Water is used throughout the manufacturing process. Water usage is an aspect of the lyocell production process, as well as other textile processes, that isn’t ideal but is required and unavoidable. Therefore to help understand how efficient the water usage is in producing Tencel, a comparison to other fabrics should be made. As seen in the chart below, Tencel production uses the least amount of water out of all Lenzing fibers. Tencel uses 263m3 of water to produce one ton of fabric. Out of that, 20 m3 is processed water such as deionised and soft water. The rest is cooling water, this water is unprocessed water and derived from natural sources such as rivers and lakes. Lyocell only requires a small amount of processed water, which takes resources to create. It doesn’t require much irrigation water, as mentioned above. Therefore the water usage is controlled, therefore making lyocell and environmentally conscious fabric.
One of the final steps that Lenzing is involved in before the fabric is sent to manufacturers, is bleaching the fabric so it’s ready to receive dyes. To do this a chemical called tetraethylene diamine, or (TAED) is mixed with hydrogen peroxide to produce a bleaching agent. Although other chemicals can substitute TAED, the TAED and peroxide mix is the most efficient because it achieves the maxim bleaching power that the lyocell fabric can withhold while doing so at a low temperature, therefore saving energy as other chemicals would require a higher heating point. TAED and its reaction product when mixed with peroxide is non-toxic and non-sensitising so it’s better for the fabric and consumers who are sensitive to bleaching chemicals. It biodegrades to help make many useful by products such as ammonia and water. Because of it’s non toxic and biodegradability the bleaching agent is another sustainable raw material that goes into the manufacturing of lyocell fibers.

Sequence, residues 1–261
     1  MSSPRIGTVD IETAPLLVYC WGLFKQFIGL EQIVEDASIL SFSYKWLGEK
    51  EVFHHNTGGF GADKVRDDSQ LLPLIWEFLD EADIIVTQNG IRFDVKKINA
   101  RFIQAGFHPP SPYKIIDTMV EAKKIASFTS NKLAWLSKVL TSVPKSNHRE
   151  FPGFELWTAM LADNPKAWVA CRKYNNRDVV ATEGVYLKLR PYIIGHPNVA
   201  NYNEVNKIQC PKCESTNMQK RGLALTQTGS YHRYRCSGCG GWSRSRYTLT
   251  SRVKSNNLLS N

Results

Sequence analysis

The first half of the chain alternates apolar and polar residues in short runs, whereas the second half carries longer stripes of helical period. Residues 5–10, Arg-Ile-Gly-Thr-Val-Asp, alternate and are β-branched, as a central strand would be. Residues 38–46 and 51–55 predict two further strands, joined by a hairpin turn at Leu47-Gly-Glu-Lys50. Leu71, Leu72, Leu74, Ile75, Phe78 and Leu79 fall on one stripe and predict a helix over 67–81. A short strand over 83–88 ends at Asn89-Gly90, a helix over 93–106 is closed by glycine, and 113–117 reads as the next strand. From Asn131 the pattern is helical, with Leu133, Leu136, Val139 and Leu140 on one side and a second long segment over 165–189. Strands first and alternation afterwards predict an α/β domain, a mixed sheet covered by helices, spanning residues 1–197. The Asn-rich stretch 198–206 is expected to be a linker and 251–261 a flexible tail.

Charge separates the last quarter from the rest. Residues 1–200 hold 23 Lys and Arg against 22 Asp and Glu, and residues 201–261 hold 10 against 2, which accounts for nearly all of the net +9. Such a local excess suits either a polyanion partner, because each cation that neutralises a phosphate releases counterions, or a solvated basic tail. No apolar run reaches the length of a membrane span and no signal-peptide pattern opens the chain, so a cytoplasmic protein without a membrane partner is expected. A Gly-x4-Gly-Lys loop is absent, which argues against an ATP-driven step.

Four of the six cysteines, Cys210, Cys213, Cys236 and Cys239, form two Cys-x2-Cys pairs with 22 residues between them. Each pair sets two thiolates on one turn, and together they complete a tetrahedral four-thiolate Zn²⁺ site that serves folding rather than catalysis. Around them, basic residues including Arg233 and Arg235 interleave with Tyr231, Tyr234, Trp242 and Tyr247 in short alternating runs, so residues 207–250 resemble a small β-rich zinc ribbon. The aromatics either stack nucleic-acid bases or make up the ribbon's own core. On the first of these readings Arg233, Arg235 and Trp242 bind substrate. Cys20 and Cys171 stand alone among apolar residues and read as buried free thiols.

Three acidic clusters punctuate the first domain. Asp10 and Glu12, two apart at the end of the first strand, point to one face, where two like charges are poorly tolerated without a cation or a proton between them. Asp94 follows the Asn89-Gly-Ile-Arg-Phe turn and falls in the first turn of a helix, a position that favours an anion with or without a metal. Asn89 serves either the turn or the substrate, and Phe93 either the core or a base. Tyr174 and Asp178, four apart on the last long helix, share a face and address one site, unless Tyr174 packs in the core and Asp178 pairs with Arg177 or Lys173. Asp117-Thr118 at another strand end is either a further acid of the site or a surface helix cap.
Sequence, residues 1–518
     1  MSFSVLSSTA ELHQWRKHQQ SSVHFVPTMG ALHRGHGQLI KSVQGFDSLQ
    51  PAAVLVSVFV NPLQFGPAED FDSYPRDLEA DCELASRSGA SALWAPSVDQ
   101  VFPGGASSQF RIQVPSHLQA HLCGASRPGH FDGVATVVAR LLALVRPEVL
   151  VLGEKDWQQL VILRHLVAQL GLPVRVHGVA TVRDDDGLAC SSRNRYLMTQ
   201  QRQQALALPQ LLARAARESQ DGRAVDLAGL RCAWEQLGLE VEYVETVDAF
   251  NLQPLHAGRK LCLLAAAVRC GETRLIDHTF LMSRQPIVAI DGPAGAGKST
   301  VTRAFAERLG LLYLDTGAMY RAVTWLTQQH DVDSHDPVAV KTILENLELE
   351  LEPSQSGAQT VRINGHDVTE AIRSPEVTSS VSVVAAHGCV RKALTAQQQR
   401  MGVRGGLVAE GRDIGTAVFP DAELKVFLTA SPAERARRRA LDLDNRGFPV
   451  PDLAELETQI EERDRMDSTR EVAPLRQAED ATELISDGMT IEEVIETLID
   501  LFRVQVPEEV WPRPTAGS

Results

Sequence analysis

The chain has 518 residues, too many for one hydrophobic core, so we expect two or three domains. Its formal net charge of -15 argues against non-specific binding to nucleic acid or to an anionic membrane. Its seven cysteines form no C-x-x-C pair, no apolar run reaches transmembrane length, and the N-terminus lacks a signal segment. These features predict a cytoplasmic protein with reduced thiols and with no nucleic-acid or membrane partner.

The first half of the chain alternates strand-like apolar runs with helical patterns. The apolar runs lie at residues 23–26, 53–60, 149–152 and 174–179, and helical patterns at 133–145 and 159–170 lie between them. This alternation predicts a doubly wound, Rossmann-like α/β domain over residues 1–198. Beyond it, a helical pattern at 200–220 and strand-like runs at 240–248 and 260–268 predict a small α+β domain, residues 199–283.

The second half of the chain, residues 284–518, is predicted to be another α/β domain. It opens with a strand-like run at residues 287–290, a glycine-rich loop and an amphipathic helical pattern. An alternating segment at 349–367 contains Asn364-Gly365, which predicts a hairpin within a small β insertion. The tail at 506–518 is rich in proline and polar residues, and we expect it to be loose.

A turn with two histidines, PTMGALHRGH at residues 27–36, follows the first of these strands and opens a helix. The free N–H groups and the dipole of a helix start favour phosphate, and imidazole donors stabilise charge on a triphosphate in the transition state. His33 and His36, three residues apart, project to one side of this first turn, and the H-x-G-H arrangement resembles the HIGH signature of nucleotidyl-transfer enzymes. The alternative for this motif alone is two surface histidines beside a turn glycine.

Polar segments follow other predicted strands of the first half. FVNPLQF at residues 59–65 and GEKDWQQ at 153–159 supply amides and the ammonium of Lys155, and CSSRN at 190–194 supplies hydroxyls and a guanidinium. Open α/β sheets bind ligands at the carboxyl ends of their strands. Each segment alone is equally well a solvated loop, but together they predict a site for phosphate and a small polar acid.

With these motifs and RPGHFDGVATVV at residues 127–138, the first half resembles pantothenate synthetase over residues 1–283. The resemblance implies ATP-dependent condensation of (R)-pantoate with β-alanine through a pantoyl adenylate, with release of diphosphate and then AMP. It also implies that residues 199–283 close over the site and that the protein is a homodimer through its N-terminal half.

A final raw material that should be mentioned is fuel. It’s used during both acquisition of materials as well as the manufacturing process. All of the fuel is used for acquisition and production of the dissolving pulps, the eucalyptus collected for the market pulp uses fuel mainly to transport the wood by ship because only about 20% of the harvesting is done by machine. For the Lenzing pulp, the beech wood collected from Europe requires is harvested by machines and transported by railways and roads. From pulp to finished fiber, this is the only fuel that is used. The energy used to process the cellulose fibers, or the kraft process, is recovered from municipal solid waste incineration. Therefore no additional fuel is used for the manufacturing process, making the energy for Tencel a closed cycle. With low fuel usage, Tencel is sustainable.
When an analysis of the raw materials used in creating lyocell fibers is done it’s clear that Lenzing is practicing a sustainable method. The the wood is grown on sustainable farms, the manufacturing process reuses the key chemical required, and the bleach is repurposed after it’s use on the fabric. From the wood to the finishing lyocell has very little waste and the materials are reused sometimes indefinitely. The product has many closed cycles and which makes it renewable and reusable, therefore sustainable.
Bahia, Hardev Singh. Process of Making Lyocell Fibre or Film. Tencel Limited, Derby, assignee. Patent US 6,258,304 B1. 10 July 2001. Print.